Hello were one of the more exciting bands of the mid-'70s glam explosion in the U.K., cutting some effervescent, almost giddy slabs of wax bolstered by thundering drums, heavy guitars, huge hooks, and boyish vocals. Not too many were hits, but a quick run through this collection of singles and their flip sides makes it clear that many more should have been. Starting in 1972 with the boogie glam of "You Move Me" and ending with a solo single from their drummer Jeff Allen from 1982, the collection covers a decade's worth of worthy attempts to scale the charts as tastes and sounds shifted around them. 1974's rocked-out cover of the Exciters' "Tell Him" was their biggest hit, reaching number six on the U.K. singles chart. 1975's "New York Groove'' was their other biggie; it didn't make it as far, but it has had a much longer shelf life and still sounds fresh decades later. Much of this collection does. The band were always game for anything, and their enthusiasm surges through the speakers whether they were tackling more oldies like their romp through "Bend Me Shape Me," doling out whip-smart proto-metal on "Another School Day," showing off some impressive soft rock chops on "Shine on Silver Light," dipping a sequined toe into the disco craze with 1979's "Feel This Thing," or even surfing the new wave under the name Local Boy Makes Good with 1981's "Horoscope." Along the way, there are some really fun hidden gems uncovered -- the romping "Out of Our Heads" is a frothy Small Faces-meets-Sweet rocker, "Seven Rainy Nights" is sterling AM radio pop worthy of Neil Diamond, and 1978's hard-rocking "Too Much Hesitating" could have been a hit in some alternate universe -- and there's never a moment where the band sound anything less than fun. Their discography has been served up in various manners, but this collection is the best way to chart their eventful trip through the musical landscape of the day.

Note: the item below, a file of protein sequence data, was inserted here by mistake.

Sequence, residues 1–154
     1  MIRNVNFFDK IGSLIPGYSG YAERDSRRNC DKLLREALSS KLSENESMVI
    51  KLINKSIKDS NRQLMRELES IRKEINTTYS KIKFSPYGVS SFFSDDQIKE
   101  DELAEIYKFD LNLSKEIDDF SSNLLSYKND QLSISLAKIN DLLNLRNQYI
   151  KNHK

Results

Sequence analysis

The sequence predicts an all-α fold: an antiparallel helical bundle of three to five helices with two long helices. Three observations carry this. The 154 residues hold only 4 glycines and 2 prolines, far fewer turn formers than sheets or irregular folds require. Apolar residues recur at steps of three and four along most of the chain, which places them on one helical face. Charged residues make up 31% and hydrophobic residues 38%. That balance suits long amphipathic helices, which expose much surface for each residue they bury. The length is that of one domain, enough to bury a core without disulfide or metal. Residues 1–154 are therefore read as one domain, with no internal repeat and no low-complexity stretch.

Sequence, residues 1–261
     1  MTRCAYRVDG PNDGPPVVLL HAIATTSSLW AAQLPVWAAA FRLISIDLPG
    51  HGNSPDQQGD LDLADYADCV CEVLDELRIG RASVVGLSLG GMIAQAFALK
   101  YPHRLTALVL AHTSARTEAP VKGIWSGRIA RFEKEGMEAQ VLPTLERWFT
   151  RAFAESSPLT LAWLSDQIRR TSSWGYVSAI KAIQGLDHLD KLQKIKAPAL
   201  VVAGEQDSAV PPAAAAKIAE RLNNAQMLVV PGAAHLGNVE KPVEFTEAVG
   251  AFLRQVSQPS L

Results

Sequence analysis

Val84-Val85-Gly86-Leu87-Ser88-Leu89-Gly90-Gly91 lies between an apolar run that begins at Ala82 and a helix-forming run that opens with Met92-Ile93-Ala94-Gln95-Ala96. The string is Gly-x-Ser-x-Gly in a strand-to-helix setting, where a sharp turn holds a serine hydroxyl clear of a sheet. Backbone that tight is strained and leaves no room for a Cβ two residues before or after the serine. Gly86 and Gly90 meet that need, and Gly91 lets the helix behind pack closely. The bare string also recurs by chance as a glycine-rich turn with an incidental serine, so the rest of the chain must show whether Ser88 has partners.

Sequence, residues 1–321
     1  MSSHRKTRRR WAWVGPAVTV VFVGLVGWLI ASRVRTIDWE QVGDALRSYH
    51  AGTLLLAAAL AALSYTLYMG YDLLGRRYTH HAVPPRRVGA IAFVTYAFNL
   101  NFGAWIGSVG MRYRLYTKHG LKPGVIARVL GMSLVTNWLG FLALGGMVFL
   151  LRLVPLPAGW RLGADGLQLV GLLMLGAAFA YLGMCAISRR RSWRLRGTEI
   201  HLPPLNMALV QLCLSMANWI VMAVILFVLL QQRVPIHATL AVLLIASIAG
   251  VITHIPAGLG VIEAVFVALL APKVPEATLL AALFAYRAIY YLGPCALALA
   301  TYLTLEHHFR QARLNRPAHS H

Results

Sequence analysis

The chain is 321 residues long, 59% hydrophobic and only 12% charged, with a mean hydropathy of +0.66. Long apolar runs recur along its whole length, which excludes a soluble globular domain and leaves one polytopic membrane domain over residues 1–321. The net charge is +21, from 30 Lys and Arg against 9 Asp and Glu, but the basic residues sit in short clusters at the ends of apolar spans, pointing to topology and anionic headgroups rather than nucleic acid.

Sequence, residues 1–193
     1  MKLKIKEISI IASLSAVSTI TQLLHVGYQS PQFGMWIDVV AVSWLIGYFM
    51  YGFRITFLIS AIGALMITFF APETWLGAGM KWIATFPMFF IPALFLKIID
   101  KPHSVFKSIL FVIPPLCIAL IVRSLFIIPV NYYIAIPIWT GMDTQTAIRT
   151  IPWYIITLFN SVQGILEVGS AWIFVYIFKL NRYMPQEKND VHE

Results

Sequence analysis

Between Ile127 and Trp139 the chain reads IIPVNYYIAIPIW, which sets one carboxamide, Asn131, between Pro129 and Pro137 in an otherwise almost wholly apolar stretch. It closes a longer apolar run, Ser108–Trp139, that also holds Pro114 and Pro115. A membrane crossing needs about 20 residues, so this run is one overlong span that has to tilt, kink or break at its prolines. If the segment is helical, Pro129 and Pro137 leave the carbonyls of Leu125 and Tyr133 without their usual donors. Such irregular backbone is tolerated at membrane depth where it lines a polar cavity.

AL GREEN - The Legendary Hi Records Albums, Vol.1 & 2 (2006)